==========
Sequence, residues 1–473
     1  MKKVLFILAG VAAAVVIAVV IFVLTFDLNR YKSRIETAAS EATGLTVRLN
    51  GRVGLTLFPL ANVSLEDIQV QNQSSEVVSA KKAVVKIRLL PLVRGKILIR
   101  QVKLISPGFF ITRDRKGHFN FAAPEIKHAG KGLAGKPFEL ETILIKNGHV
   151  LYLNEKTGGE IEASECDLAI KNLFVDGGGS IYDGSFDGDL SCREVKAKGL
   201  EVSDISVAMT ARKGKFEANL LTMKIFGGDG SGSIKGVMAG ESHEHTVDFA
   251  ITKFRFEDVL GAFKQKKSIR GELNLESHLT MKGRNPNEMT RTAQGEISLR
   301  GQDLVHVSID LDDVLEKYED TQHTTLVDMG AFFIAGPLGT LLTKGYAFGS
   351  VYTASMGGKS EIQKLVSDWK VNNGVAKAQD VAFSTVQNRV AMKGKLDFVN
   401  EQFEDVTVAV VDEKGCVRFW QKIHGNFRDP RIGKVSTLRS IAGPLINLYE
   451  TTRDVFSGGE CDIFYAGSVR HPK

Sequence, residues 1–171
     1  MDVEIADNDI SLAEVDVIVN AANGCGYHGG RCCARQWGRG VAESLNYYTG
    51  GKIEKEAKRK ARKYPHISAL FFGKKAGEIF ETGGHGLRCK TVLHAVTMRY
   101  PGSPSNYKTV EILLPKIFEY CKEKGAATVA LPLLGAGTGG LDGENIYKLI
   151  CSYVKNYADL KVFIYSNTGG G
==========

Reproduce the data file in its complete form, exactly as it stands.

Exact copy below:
Sequence, residues 1–473
     1  MKKVLFILAG VAAAVVIAVV IFVLTFDLNR YKSRIETAAS EATGLTVRLN
    51  GRVGLTLFPL ANVSLEDIQV QNQSSEVVSA KKAVVKIRLL PLVRGKILIR
   101  QVKLISPGFF ITRDRKGHFN FAAPEIKHAG KGLAGKPFEL ETILIKNGHV
   151  LYLNEKTGGE IEASECDLAI KNLFVDGGGS IYDGSFDGDL SCREVKAKGL
   201  EVSDISVAMT ARKGKFEANL LTMKIFGGDG SGSIKGVMAG ESHEHTVDFA
   251  ITKFRFEDVL GAFKQKKSIR GELNLESHLT MKGRNPNEMT RTAQGEISLR
   301  GQDLVHVSID LDDVLEKYED TQHTTLVDMG AFFIAGPLGT LLTKGYAFGS
   351  VYTASMGGKS EIQKLVSDWK VNNGVAKAQD VAFSTVQNRV AMKGKLDFVN
   401  EQFEDVTVAV VDEKGCVRFW QKIHGNFRDP RIGKVSTLRS IAGPLINLYE
   451  TTRDVFSGGE CDIFYAGSVR HPK

Sequence, residues 1–171
     1  MDVEIADNDI SLAEVDVIVN AANGCGYHGG RCCARQWGRG VAESLNYYTG
    51  GKIEKEAKRK ARKYPHISAL FFGKKAGEIF ETGGHGLRCK TVLHAVTMRY
   101  PGSPSNYKTV EILLPKIFEY CKEKGAATVA LPLLGAGTGG LDGENIYKLI
   151  CSYVKNYADL KVFIYSNTGG G